Unheard voices around the world are calling for peace. Together we can provide an amplifier. And when people come together, great things can happen. Together, we can force those in power- be they rebel leaders, politicians, corporates or national leaders- to listen. Together we can make change. Together, we can move beyond violence.
Petitions - We target those in power and force them to listen.
Solidarity ballots - We show our support for local groups working to move beyond violence in conflict zones.
Peaceful demonstrations - We exert pressure by standing together in solidarity.
Creative protest - We think outside of the box to draw attention to our campaigns art work, street theatre, sporting events, flash mobs, you name it, it can be done.
Despite voices calling for peace in both Armenia and Azerbaijan, the leaders of the region continue their dangerous path towards a renewed armed conflict. Help us make the voices calling for non-violence ring out, sign the petition now!
Since 1960, the Central African Republic has experienced the highest number of military coups in Africa. These coups have left the country devastated by violence.
Violence has been a cornerstone of Colombian life for over four decades due to armed political conflicts and clashes between illegal and military forces over land and resource control. This has forced around 5 million civilians from their lands, leading them to become Internally Displaced Persons.
Almost forty years after the Turkish military invasion of the island, Cyprus still lives withgeographical division, a blocked political situation, and deep-felt hatred between Greek Cypriots and Turkish Cypriots.
In the thirty years since its establishment, the Islamic Republic of Iran has been the focus of sustained international attention. Despite the attention, however, it continues to defy easy characterisation.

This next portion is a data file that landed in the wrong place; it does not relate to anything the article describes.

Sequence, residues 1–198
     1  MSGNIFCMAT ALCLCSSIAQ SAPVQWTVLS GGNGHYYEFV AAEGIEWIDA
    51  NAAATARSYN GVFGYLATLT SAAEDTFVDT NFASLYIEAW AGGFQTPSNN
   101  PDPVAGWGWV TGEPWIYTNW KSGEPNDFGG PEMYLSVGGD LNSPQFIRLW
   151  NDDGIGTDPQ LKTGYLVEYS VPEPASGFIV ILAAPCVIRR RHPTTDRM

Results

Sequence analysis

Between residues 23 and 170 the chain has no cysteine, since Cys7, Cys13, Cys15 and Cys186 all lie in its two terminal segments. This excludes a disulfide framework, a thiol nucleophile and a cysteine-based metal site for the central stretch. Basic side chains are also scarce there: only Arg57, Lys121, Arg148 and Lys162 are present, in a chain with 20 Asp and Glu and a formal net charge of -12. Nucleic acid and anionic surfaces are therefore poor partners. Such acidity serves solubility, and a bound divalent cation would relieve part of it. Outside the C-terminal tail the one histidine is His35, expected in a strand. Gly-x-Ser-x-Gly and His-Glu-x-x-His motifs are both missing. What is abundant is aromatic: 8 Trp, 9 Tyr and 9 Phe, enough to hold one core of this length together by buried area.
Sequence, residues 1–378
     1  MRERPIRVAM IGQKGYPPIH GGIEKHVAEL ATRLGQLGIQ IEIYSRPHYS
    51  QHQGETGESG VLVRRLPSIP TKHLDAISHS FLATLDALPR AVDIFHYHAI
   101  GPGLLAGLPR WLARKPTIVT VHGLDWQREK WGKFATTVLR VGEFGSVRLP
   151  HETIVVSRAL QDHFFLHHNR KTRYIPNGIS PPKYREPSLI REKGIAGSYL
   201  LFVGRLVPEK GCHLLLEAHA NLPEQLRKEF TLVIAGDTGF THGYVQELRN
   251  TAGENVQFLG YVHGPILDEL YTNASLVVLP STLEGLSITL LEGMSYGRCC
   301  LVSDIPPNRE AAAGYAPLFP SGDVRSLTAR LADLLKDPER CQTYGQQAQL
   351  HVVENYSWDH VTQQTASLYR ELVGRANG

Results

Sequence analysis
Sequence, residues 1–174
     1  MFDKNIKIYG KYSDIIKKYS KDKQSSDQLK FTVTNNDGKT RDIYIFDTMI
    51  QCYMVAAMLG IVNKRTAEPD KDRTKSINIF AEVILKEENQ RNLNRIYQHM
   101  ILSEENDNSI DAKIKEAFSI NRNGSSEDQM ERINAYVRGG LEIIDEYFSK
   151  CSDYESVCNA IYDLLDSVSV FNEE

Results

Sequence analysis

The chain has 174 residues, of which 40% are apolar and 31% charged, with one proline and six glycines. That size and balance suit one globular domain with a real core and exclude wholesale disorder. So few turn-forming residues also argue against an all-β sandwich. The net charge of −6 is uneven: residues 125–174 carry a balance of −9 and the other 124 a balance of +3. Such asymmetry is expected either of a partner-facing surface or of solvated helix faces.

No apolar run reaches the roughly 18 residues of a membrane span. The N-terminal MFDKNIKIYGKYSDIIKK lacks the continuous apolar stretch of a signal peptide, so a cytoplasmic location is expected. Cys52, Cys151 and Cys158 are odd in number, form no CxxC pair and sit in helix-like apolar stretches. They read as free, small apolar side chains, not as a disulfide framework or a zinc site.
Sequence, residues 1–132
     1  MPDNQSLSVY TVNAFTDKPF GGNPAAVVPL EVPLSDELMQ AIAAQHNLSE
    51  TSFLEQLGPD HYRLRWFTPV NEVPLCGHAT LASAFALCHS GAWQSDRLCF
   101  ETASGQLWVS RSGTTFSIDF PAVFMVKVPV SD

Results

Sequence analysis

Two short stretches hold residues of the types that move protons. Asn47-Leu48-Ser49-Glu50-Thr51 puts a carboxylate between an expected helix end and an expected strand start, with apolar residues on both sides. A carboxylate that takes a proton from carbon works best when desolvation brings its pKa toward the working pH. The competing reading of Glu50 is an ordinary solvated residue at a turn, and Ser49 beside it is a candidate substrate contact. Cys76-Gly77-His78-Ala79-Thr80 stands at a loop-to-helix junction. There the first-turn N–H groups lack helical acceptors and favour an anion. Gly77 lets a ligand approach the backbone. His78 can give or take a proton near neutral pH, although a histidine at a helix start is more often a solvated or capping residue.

Since the US-led pre-emptive invasion of Iraq in 2003 and the subsequent pullout of Coalition forces the country has failed to stabilise and is still engulfed by civil war.
Born out of the partition of India in 1947, the dispute over the region has been a continued issue for more than six decades to the huge detriment of the population.
The use of violence has become an inherent feature of Kenya’s politics with elections being a key trigger for localised violence since the advent of multi-party politics in the early 1990s.
Since the civil war ended in 1990, Lebanon has been experiencing resurgences of political violence, as the country struggles to stabilise in the midst of a tense geopolitical context.
The Filipino island Mindanao has seen forty years of conflict between the government and various insurgent groups fighting for independence. A 2012 peace deal could bring permanent peace to the region.
Tension between Sri Lanka’s ethnic and religious majority and minority groups still continue after the end of the war – suppression and the danger of violent outbreaks remain.
While South Sudan has been an independent state since 2011, violent tensions continue along the border and over oil revenue.
Demonstrations against the Syrian government erupted in March 2011, clashes between the Assad regime and opposition forces in Syria have claimed more than 126,000 lives. and resulted in 2 million Syrians fleeing their country.
Insurgent violence against state and military personnel is high, disrupting life in the Southern Thai Patani region. Political negotiations are currently impossible due to the lack of insurgent organisation.
Horrific violence is spreading as the 2013 elections are just round the corner. Zimbabwe's political divisions and culture of violence have made millions suffer for decades.